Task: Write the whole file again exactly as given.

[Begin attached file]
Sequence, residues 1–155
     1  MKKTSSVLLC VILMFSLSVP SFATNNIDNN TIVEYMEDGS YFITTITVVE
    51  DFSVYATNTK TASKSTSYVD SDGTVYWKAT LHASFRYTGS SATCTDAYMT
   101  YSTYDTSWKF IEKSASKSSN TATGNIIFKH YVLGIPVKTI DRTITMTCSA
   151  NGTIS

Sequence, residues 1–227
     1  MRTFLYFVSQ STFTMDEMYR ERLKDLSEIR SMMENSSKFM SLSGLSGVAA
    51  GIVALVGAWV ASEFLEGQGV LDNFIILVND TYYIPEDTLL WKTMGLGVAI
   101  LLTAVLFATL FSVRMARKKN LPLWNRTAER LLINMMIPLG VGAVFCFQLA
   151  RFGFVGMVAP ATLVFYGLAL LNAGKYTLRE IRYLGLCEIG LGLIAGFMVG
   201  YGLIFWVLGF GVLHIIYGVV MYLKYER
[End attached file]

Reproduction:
Sequence, residues 1–155
     1  MKKTSSVLLC VILMFSLSVP SFATNNIDNN TIVEYMEDGS YFITTITVVE
    51  DFSVYATNTK TASKSTSYVD SDGTVYWKAT LHASFRYTGS SATCTDAYMT
   101  YSTYDTSWKF IEKSASKSSN TATGNIIFKH YVLGIPVKTI DRTITMTCSA
   151  NGTIS

Sequence, residues 1–227
     1  MRTFLYFVSQ STFTMDEMYR ERLKDLSEIR SMMENSSKFM SLSGLSGVAA
    51  GIVALVGAWV ASEFLEGQGV LDNFIILVND TYYIPEDTLL WKTMGLGVAI
   101  LLTAVLFATL FSVRMARKKN LPLWNRTAER LLINMMIPLG VGAVFCFQLA
   151  RFGFVGMVAP ATLVFYGLAL LNAGKYTLRE IRYLGLCEIG LGLIAGFMVG
   201  YGLIFWVLGF GVLHIIYGVV MYLKYER